In recent months the United States Olympic Committee, or USOC, has come under fire for the manner in which it has dealt with–or ignored, depending who you ask–cases of sexual misconduct and predation in organizations including USA Gymnastics and USA Swimming, among others.
Though these stories are freshes in our minds, they are far from the only instances in which the USOC has failed to serve America’s Olympic athletes. Consider when the USA Women’s Ice Hockey team nearly boycotted the 2017 World Championships because they did not receive stipends in non-Olympic years, and even during Olympic years, only received about $1,000 per month for only six months. Or consider that only about 10 percent or less of the USOC’s money is actually directed towards funding Team USA’s Olympians and up-and-comers, whereas the NBA and MLB split 50 percent of their revenues with athletes.
So what gives? Why is the USOC like this, and what can be done to make it better?
“Knock. It. Down.”
In a recent article, Sally Jenkins of the Washington Post put forward several ideas–including the one above–that she believes could improve the USOC to its very own Executive Board and its overseer, the United States House of Representatives. In an interview with SwimSwam, Jenkins went into further detail and told us why only a complete up-ending of the current USOC will bring about the necessary change and put athletes safety, development, and wellbeing first.
As alluded to above, stark differences in pay exist between members of the USOC Executive Board and the stipends athletes receive. Though the USOC is a non-profit, 501(c)(3) organization, former CEO Scott Blackmun received a $1.275 million salary after bonuses in 2013, while 129 USOC employees receive six-figure salaries, as Jenkins pointed out. The paltry stipend formerly paid to US women’s ice hockey–$6,000 over an entire Olympic quad–and the manner in which the USOC handled the potential 2017 boycott only further emphasizes why the USOC needs new leadership that is not motivated solely by profit.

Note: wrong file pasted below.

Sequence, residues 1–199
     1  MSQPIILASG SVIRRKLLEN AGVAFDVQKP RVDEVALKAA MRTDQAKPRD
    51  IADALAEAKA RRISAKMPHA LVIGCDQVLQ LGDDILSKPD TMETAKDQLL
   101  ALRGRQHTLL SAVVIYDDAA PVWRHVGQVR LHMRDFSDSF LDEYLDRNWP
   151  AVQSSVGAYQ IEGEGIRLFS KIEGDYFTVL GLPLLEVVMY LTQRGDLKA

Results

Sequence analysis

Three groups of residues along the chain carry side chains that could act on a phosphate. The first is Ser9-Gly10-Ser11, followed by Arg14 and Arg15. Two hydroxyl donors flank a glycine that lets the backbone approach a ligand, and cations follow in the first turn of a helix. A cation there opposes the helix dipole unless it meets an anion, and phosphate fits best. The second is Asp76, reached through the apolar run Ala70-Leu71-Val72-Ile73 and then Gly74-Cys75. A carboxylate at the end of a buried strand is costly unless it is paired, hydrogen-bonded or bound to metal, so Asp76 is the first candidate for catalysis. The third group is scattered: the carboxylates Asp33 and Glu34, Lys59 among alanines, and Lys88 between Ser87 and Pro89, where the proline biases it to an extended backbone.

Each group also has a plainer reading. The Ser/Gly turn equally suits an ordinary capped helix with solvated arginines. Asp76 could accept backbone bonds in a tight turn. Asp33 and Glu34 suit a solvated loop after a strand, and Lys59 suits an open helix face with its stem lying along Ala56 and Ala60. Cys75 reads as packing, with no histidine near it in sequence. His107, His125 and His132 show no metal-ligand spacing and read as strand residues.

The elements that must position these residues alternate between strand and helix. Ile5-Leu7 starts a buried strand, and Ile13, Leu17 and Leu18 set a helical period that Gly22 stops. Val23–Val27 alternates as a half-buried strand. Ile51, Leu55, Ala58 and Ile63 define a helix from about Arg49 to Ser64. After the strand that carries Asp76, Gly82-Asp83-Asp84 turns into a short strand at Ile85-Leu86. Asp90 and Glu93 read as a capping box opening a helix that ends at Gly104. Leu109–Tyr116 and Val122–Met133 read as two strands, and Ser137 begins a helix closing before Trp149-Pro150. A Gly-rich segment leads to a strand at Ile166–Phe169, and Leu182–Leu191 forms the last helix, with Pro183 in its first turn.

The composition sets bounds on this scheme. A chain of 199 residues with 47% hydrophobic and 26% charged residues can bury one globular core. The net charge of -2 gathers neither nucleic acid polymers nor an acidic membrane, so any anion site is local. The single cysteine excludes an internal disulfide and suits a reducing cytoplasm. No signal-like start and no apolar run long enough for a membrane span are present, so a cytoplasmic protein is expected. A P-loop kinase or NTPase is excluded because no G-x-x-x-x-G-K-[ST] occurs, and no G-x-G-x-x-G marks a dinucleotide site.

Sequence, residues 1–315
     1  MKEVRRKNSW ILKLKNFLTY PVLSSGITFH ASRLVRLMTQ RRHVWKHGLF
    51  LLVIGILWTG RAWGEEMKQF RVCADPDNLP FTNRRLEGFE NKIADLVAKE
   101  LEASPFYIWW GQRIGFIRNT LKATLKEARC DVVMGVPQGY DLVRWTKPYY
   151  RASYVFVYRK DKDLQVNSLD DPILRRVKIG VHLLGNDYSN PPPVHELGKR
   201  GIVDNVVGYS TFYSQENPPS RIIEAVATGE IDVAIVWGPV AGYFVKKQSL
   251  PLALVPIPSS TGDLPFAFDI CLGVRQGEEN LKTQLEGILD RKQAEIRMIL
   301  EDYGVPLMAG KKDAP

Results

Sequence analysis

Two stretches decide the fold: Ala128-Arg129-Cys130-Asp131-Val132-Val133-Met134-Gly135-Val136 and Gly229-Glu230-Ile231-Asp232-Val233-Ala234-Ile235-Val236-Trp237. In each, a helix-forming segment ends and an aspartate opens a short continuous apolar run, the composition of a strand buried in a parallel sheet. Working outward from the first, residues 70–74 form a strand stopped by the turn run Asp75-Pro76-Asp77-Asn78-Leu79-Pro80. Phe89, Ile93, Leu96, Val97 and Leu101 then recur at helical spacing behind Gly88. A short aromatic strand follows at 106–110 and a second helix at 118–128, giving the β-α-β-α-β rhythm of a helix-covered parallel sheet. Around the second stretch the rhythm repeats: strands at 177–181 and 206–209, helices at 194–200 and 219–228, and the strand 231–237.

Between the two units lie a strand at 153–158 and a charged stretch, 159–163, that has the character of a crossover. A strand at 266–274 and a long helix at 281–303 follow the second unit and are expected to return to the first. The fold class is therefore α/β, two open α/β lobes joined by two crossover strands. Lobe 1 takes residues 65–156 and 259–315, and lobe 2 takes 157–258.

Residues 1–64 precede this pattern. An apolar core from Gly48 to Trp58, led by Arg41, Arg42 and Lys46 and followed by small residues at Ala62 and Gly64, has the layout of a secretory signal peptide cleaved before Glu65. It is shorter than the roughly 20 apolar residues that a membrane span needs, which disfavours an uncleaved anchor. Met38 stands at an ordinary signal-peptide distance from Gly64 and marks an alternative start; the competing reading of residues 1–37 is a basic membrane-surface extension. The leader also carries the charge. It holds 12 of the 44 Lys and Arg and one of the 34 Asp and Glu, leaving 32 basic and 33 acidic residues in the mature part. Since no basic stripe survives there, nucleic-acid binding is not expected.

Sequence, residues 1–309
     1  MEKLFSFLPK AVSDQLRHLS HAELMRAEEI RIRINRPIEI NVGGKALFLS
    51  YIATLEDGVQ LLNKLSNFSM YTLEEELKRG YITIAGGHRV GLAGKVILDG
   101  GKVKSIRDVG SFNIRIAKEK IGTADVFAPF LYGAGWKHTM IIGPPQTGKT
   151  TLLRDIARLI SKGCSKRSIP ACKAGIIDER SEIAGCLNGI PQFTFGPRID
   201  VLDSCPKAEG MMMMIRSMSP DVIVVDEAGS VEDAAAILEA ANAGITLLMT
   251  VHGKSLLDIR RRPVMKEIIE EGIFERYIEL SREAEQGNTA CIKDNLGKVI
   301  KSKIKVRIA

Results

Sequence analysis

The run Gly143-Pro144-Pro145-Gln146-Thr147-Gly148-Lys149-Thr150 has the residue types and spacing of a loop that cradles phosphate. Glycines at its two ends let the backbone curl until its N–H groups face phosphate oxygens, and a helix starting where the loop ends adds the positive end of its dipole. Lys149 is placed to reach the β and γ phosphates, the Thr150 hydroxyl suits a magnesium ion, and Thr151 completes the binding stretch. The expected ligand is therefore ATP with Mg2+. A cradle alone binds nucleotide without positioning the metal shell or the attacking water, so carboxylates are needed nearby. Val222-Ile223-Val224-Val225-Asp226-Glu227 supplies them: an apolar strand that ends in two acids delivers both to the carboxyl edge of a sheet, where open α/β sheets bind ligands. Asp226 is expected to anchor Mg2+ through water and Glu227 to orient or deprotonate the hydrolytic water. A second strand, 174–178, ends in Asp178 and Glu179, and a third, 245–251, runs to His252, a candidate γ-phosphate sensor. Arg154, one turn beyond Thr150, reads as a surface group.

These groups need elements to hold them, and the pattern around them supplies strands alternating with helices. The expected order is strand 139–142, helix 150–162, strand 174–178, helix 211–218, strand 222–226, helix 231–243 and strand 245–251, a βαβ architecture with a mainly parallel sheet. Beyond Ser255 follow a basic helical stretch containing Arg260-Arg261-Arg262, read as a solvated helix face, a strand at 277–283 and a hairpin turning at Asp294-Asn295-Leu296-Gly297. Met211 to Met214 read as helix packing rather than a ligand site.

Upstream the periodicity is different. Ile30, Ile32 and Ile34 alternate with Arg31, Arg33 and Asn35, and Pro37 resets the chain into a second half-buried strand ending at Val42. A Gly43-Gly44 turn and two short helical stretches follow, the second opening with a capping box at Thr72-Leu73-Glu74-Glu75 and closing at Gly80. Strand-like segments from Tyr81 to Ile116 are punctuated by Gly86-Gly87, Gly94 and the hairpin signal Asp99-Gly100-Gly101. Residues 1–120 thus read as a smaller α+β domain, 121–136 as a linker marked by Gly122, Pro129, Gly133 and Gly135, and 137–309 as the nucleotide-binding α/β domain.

“USA Hockey actually threatened to bring in replacement players like it was a labor strike. And the USOC just sat and watched,” Jenkins told SwimSwam.
And duping women’s hockey year after year is only the beginning of the wage gap between the suits and the athletes. Larry Probst, the former CEO of Electronic Arts (EA), is Chairman of the Board at the USOC and next in line to move into former CEO Scott Blackmun‘s role as head of the organization.
Jenkins also sees a parallel between the NCAA’s treatment of athletes and the USOC’s, particularly as pertains to Probst. During his time at EA, Probst earned the ire of many NCAA athletes for using their names and likenesses in sports video games, without their permission, though the NCAA allowed it to happen and profited from EA’s appropriation of amateur players. “Larry Probst has made a life out of using the images of NCAA athletes without their permission. Electronic Arts built a billion-dollar business out of screwing the college athletes and didn’t stop until the courts absolutely forced Electronic Arts to stop,” Jenkins told us.
In 2013 some of those athletes, led by former UCLA basketball star Ed O’Bannon, reached a settlement with EA, but the fact that some of those same individuals are now deciding how much of the USOC’s revenue reaches Olympic athletes does not speak to EA and the NCAA ascending to higher moral standards as it does to the USOC prioritizing profit over players.
Jenkins described the confluence of the USOC, the NCAA, and Electronic Arts, to us as such: “…they’re the same old characters, who come with a fundamental, chronic, lack of respect for the athletes. And I just want to see the USOC become an organization with the athletes at its center and not its periphery,” says Jenkins.
OK, so let’s say the USOC’s Executive Board is completely replaced–then who do you put in charge? Colin Powell, Condeleeza Rice, Michael Bloomberg, or Bill Bradley, for starters, suggests Jenkins. Why these individuals?